It enhances biodiversity and natural biological processes above and below the ground surface for improved and sustained crop productivity. With this backdrop, Sehgal Foundation decided to promote zero tillage machines in the intervention area. Zero tillage means planting seeds directly on no-tilled soil after the harvest of the previous crop. This integrated approach tackles the problem of wheat yield stagnation in the rice-wheat zone by improving plantation time, reduces weed infestation, and enhances fertilizer and water-use efficiency.[vii] Studies have established that the use of zero tillage in wheat reduces the production cost by 20% per hectare and saves 15–20% of water for irrigation.[viii]
Zero tillage seeding is a one-pass operation which places seed and fertilizer into an undisturbed seed bed, packs the furrow, and retains adequate surface residues to prevent soil erosion. The potential benefits of zero tillage are early planting, higher efficiency, fewer maintenance costs of machinery, more time for management decisions and technical upgrading, less dusty and muddy work environment, more time for family, less stress, and greater satisfaction derived from caring for the environment.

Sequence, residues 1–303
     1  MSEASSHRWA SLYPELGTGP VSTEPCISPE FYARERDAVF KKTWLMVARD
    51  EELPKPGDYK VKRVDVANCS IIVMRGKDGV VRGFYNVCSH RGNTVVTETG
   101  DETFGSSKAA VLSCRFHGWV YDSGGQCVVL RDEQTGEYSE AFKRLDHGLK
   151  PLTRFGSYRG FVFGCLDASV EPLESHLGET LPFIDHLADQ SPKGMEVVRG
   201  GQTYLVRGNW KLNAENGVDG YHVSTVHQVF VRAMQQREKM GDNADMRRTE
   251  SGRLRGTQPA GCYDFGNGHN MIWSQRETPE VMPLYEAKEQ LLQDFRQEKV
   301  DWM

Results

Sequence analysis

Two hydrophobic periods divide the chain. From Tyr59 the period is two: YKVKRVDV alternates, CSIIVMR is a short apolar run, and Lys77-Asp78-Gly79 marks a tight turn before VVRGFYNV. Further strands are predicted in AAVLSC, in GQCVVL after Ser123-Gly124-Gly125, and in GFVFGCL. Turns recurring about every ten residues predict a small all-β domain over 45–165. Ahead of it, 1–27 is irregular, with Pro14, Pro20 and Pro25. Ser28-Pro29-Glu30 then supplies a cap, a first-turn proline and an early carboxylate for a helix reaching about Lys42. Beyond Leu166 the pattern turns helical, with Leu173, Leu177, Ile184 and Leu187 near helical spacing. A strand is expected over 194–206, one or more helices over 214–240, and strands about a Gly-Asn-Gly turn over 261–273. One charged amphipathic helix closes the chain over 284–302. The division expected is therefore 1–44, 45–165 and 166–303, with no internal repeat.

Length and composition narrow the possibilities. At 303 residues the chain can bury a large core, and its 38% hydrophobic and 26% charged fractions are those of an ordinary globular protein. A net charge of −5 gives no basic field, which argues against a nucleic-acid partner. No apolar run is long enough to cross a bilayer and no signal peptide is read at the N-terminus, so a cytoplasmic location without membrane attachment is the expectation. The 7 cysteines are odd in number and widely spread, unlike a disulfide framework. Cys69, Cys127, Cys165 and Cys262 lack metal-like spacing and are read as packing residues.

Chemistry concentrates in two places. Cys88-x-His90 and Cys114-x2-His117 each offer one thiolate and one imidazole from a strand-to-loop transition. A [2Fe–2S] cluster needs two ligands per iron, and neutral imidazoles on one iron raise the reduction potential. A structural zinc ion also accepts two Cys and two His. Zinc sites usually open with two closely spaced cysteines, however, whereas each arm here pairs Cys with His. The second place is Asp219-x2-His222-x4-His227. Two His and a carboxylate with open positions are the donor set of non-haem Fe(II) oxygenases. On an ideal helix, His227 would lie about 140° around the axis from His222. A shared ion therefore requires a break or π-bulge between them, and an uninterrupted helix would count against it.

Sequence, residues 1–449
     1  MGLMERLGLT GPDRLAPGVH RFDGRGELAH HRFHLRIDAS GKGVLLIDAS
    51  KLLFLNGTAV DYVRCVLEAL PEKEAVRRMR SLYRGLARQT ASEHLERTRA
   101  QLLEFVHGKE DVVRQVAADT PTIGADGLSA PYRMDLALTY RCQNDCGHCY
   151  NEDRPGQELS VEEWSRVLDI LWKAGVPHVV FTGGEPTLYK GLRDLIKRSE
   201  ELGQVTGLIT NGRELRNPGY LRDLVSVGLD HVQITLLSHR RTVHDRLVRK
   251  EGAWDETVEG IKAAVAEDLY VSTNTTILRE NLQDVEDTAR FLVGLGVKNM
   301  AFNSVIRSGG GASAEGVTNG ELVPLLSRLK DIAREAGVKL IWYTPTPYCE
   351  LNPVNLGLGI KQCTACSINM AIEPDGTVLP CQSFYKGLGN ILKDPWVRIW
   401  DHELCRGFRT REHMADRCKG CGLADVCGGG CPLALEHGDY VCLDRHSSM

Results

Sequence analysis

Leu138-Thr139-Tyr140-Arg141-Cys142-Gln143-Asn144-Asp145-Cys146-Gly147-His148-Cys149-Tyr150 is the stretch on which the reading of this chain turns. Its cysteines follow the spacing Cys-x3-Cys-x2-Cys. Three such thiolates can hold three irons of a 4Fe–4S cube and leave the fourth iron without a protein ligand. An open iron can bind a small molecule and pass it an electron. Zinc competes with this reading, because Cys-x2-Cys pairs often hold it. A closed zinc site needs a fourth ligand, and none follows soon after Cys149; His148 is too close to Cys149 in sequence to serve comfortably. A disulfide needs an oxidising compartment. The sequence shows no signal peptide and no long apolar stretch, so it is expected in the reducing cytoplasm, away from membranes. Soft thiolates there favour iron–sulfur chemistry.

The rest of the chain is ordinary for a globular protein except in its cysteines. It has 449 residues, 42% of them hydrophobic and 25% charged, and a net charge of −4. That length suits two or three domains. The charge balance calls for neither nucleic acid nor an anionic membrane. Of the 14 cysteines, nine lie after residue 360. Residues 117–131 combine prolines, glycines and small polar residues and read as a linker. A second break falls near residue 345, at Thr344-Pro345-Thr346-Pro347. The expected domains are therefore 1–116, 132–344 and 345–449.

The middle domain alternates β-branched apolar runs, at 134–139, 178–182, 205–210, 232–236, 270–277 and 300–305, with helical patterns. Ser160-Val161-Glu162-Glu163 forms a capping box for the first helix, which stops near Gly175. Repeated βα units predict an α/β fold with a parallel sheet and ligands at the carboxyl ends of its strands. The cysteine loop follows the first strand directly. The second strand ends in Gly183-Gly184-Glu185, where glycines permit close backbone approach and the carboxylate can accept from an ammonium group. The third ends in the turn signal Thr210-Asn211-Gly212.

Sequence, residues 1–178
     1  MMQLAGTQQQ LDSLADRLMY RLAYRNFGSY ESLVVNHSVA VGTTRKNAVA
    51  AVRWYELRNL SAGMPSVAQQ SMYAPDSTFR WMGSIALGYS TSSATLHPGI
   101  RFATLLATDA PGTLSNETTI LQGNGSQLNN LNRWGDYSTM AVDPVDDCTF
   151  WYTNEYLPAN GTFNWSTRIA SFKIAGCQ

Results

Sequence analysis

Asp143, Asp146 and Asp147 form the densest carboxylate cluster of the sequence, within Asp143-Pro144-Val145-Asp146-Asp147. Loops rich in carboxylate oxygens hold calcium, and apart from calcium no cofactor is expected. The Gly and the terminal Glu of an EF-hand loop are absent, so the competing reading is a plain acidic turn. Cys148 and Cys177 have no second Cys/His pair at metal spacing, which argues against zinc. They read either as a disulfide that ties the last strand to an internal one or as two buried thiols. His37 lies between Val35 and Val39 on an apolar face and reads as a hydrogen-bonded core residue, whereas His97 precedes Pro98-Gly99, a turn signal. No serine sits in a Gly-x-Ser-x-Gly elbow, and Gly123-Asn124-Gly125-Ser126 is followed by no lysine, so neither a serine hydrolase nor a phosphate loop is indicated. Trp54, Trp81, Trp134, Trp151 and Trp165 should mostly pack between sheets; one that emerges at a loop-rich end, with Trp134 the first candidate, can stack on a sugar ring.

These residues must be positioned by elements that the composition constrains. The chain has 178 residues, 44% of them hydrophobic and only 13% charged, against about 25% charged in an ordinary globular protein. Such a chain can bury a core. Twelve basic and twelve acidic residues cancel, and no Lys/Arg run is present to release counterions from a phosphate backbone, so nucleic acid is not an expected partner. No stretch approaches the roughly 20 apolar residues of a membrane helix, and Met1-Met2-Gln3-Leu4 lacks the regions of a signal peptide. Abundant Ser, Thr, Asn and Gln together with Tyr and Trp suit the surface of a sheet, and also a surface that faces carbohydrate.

Gentil (1995) reported reductions in diesel fuel of 50–70% or more and proportional reductions in greenhouse gas emissions. Zero tillage machines have a significant impact in reducing carbon dioxide emissions, when compared to conventional tillage, by immobilizing carbon in incremental soil organic matter and surface residues.[ix]
Mode of operation in East Champaran for the adoption of zero tillage machines
Bihar has rich fertile soil, good rainfall, plenty of water resources, and agro-climatic conditions that are suitable for growing three crops a year and almost all types of crops. Knowing that the adoption of zero tillage in the project area would lead to a transformation in the life of farmers, it was still not easy to execute the plan on the field. The Sehgal Foundation approach is unique and innovative to resolve some of the problems that act as a barrier to the adoption of zero tillage machines. Sehgal Foundation hired local people for community mobilization with two objectives; the community could more easily trust a local person, and this would help mobilize the community.